If all the Colombians and Latinos hear from their media and ours is that Hispanics are “ruining America” and we need to close the borders to them all, our relationship will be ruined for generations. Helping them see the problems we face and asking them to be part of the solution is imperative…and it needs to be done fast!
Better Understand Their Frames
We all have frames through which we process and understand communication. These are incredibly challenging to change, if not nearly impossible. It is significantly easier to identify and speak to someone else’s frame than it is to make them see the issue from your frame/point of view.
I spoke to a Colombian entrepreneur who just started a joint-venture LLC in Florida. He is now considering shutting it down because he is worried his company will be discriminated against and he will not be allowed to come participate in the business. This is all because of the frame through which he currently views the United States.
Just as President Donald Trump so masterly acknowledged the American peoples’ emotions of feeling left behind while casting a vision for how to go back to the good life, he needs to do the same with international audiences, especially Latino ones. This requires him to learn and understand their communication frames.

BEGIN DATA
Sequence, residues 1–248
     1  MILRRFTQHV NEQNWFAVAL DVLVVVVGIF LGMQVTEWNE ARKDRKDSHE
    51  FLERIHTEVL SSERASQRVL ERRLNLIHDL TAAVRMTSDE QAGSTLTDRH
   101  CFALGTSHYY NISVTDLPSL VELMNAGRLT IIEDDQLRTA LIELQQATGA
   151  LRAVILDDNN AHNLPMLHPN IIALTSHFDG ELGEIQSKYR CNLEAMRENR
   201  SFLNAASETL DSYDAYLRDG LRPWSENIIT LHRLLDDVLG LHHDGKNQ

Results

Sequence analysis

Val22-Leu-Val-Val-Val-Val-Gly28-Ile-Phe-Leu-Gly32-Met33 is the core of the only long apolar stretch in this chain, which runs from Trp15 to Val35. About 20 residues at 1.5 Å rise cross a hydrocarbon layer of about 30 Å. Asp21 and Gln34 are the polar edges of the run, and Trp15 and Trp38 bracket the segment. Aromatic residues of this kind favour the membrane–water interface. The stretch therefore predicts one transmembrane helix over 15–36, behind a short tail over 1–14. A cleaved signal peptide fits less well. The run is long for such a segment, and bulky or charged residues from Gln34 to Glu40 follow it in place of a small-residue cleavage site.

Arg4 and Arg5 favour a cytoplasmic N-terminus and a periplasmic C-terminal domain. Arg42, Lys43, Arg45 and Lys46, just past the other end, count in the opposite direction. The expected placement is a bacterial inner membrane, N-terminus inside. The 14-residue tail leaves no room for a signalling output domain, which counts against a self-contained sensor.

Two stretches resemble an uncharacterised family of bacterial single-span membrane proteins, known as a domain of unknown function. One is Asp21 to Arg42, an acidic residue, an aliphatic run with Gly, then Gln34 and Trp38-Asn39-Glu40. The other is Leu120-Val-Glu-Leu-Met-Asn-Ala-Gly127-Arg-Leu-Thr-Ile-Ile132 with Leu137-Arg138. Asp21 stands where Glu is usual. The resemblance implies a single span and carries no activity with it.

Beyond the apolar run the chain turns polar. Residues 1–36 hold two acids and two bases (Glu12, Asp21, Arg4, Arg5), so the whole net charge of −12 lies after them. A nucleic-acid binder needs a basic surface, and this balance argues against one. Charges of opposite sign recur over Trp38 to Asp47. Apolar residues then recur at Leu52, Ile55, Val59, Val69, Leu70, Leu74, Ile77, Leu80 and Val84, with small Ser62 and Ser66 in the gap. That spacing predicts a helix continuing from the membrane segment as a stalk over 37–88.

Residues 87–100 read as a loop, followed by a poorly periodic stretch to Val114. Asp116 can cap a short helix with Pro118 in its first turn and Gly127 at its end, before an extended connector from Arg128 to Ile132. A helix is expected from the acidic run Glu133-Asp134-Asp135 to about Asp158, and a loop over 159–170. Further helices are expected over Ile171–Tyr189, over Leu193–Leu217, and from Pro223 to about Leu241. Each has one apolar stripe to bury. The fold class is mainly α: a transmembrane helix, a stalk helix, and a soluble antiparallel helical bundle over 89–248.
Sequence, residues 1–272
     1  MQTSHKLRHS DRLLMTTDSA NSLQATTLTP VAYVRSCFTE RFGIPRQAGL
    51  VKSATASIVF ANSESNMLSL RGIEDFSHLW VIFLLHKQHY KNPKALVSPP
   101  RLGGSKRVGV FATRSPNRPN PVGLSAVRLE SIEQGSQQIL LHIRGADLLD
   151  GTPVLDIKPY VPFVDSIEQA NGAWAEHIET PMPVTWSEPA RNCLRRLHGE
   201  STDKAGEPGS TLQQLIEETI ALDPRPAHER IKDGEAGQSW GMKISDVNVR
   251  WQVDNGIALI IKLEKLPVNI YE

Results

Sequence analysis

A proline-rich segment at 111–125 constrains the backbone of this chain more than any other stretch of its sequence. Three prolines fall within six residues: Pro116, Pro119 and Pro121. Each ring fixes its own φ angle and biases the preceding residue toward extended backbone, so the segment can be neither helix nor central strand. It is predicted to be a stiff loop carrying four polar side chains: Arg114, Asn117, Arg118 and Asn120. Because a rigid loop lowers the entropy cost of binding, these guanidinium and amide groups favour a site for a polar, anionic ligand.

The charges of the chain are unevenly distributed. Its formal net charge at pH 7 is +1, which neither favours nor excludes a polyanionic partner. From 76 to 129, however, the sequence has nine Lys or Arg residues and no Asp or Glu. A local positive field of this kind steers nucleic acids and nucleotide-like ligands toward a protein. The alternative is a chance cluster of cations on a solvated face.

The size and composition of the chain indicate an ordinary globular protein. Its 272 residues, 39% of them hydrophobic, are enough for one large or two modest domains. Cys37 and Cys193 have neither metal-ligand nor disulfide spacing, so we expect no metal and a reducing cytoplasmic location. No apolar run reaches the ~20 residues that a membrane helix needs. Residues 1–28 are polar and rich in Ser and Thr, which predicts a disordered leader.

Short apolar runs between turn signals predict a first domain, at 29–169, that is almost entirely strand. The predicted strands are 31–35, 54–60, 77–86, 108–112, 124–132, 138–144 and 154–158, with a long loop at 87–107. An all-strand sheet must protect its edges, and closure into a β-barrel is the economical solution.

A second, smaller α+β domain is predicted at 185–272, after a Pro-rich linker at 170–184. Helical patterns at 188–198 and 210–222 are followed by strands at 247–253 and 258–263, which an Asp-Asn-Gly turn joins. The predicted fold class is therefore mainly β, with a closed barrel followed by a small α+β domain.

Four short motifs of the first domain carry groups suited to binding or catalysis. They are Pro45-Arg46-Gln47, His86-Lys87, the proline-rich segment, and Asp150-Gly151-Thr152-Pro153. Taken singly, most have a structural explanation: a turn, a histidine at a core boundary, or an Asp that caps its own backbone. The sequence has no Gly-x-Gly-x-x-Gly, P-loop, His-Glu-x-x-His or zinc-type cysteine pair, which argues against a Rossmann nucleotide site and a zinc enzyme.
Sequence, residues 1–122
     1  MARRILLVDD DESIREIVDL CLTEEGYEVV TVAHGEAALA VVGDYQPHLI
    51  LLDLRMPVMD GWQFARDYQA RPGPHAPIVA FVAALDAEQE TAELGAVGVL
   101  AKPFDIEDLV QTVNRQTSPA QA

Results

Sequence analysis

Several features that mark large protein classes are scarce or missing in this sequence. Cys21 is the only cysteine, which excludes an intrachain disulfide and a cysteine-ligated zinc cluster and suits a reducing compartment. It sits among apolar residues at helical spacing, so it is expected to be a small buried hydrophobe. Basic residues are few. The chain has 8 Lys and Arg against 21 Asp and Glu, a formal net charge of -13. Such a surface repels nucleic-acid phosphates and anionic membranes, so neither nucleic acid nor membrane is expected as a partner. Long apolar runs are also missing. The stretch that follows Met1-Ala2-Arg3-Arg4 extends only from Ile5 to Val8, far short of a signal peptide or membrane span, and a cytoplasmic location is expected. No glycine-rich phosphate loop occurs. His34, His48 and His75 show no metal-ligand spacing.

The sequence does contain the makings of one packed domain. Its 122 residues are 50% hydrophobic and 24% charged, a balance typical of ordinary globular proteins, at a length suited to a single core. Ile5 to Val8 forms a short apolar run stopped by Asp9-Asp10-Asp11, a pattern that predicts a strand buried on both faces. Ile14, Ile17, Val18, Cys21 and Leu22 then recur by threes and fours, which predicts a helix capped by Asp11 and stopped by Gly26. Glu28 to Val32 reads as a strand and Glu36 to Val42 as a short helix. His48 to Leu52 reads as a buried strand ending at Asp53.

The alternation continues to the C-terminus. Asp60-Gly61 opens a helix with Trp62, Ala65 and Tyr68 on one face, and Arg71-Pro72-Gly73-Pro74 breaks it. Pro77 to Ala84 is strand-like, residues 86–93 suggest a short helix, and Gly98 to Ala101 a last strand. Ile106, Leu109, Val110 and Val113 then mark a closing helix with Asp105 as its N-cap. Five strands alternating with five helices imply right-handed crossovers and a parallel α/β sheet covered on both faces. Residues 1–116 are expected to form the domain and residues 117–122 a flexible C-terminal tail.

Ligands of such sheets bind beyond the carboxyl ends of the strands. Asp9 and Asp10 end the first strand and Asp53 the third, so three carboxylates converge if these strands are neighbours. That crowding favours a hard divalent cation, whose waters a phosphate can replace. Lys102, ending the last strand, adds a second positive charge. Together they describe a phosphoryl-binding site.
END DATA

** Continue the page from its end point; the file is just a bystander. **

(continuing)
Creatively Engage the Local Media
It is no secret that President Trump and the American media aren’t trading love notes and having a beer together after a long day (aside from the fact that the president doesn’t drink.) This has also placed the media in other countries on notice. They are afraid and their coverage of Trump bears out this fact.
Our president needs to instead embrace his stardom and take his message directly to the local media outside the US. This is best done in person and with the second tier news outlets that will give him a more fair shot. He can also have his representatives – ambassadors, trade representatives, etc. – take to the media with a proactive message that starts by identifying America’s problems and President Trump’s sensible, business-like ideas to address them.
His comms people can prep the journalists prior so they don’t spend all their time asking questions about the wall, the travel ban, and other topics that are really peripheral. If the interviews focus on Donald Trump the person and his compassion to help people, it will be an instant win.